The Morning Fix: Comcast gets ready to take control of NBC Universal! Hulu's growing pains. Sundance finds and loses religion at same time.
After the coffee. Before wondering where 2011 went.
The Skinny: What is the Skinny, you wonder. Well, it can be anything it wants. Sometimes it's a quick review of what we're linking to (today we have stories about Comcast, Sundance and Hulu) and other times it is a stream of consciousness (I'm not missing New York this winter). Think of it as one of those things that defies a label.
Meet the new bosses. Comcast brass including chief executive Brian Roberts and chief operating officer Steve Burke will be meeting with NBC Universal employees in New York and California this week in town hall-style meetings. Attendees will get a book about the marriage of Comcast and NBC Universal and there's even a new logo! Oh, the excitement. The New York Times and USA Today check in with what will be the first of several stories over the next few days about the closing of the deal and what Burke, who will be over NBC Universal, has in store for the media giant.
Light bulb clicks on! Some of the bosses at Hulu, the popular online video site co-owned by Walt Disney Co., News Corp. and now NBC Universal parent Comcast, seem to have had an epiphany that just maybe putting content online for free isn't such a hot idea after all. The Wall Street Journal examines the fate of Hulu and its future prospects and reports that Disney and News Corp. are considering making less of their content available for free on Hulu. The site has already launched a pay version, but one intriguing scenario has the owners trying to convert Hulu into an online version of a cable system. Caught in the middle is Jason Kilar, the chief executive of Hulu who has lots of bosses with different agendas. I can relate.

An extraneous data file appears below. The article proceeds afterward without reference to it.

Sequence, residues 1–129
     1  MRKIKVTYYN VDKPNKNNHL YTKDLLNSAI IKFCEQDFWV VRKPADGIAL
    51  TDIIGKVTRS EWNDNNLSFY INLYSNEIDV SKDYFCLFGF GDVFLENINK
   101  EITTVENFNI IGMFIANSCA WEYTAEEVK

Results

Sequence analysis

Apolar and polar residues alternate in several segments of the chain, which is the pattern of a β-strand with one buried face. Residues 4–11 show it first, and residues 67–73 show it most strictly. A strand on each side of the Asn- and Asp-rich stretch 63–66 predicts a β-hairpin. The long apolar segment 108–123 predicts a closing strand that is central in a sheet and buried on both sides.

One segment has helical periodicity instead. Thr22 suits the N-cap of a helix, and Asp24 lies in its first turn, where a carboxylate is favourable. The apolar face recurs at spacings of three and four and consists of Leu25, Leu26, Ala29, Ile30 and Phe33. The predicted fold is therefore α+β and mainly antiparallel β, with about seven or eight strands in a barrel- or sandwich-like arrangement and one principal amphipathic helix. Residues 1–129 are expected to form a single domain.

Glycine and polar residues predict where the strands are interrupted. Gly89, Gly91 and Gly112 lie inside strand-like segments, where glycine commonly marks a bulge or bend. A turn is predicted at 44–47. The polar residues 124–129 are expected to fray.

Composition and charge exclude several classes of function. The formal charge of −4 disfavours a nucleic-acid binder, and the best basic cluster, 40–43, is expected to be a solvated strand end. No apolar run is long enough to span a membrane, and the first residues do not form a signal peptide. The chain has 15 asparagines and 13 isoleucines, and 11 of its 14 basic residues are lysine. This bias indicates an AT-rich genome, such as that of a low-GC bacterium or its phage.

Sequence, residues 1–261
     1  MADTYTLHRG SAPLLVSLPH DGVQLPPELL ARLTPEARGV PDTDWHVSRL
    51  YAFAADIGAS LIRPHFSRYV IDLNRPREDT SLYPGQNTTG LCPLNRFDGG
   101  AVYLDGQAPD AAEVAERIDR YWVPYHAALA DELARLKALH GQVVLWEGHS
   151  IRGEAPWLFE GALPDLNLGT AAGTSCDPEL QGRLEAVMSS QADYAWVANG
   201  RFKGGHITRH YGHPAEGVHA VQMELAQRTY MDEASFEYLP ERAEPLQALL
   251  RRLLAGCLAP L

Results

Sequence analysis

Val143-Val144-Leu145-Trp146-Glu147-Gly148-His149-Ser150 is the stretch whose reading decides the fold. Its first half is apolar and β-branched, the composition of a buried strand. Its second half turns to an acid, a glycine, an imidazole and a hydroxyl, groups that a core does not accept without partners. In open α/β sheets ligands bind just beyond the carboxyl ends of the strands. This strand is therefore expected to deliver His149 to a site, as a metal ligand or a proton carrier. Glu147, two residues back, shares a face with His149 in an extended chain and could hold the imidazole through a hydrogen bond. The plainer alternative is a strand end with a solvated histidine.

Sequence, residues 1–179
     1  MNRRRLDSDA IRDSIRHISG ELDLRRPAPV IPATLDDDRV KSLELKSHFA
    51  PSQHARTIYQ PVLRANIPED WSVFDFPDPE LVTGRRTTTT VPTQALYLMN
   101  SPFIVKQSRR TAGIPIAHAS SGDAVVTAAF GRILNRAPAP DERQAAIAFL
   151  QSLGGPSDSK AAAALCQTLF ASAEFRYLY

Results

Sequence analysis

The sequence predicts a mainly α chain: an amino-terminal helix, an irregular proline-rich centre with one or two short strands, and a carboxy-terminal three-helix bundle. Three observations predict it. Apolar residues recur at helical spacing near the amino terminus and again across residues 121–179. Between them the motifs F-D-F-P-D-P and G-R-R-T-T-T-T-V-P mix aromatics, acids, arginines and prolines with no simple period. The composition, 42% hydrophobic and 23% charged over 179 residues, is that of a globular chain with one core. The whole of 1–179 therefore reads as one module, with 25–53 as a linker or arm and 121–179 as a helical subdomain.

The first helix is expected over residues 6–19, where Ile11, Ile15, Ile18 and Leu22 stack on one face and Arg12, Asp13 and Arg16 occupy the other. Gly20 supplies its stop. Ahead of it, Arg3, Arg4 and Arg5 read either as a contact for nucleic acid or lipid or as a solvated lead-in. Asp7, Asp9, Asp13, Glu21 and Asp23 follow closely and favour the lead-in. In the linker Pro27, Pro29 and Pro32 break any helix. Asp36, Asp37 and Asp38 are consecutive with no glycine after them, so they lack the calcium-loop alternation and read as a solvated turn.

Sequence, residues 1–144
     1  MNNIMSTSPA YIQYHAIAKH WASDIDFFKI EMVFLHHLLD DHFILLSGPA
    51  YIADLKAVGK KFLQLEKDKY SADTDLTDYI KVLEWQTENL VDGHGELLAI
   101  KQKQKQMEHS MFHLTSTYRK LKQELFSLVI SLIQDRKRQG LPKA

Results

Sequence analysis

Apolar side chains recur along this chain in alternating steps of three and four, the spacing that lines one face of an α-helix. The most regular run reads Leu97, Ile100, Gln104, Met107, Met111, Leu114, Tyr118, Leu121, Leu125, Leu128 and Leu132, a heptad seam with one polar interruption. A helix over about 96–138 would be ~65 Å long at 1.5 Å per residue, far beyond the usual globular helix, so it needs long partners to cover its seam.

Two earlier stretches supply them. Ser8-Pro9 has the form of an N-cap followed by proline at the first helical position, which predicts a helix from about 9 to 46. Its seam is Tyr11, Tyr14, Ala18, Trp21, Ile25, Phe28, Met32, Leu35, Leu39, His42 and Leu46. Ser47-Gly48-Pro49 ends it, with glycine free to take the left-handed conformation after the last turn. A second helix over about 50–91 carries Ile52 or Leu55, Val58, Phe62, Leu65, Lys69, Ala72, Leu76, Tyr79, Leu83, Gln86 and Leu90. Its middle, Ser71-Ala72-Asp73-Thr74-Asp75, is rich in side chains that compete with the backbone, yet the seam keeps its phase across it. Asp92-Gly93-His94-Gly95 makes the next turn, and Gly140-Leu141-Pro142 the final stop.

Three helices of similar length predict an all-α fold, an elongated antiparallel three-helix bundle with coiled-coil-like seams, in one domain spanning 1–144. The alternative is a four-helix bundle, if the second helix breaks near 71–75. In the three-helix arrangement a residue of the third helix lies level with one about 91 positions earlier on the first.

Losing my religion. A number of films screening at Sundance deal with faith and religion, always lightning-rod topics for the country. As expected, most of the films deal with people either questioning their faith or abusing it for their own ends. Festival director John Cooper told the Los Angeles Times that he feels the submissions are a reflection of filmmakers weighing issues bigger than themselves. "It's America looking at itself," Cooper said. A cynic might note that the filmmakers recognize there's nothing Hollywood likes better than stories that challenge faith and religion and nothing they hate worse than stories about folks having faith that don't necessarily fit preconceived stereotypes.
Sundance wraps up. As the annual Sundance Film Festival winds down, it is time to assess. Oscar nominations for "The Kids are All Right" and "Winter's Bone," two properties sold at last year's Sundance, no doubt got studios and producers dreaming of finding the next hidden nugget. According to the Wrap, there were 24 films sold at the festival. Variety notes that while there was a lot of wheeling and dealing, few titles had folks buzzing or excited.
Will "Tiger Mother" roar on screen? Hollywood is starting to jockey for position around Amy Chua's controversial book "Battle Hymn of the Tiger Mother" (here's an excerpt from the Wall Street Journal). The book, about tough love or not asking your kids how they feel about something every five seconds, has caused quite the stir across the country. More from the Hollywood Reporter.
Inside the Los Angeles Times: Mary McNamara on MTV's Skins. Netflix, which had a monster fourth quarter, has surpassed the 20-million-subscriber mark to become the country's No. 2 subscription entertainment provider behind cable giant Comcast.
-- Joe Flint
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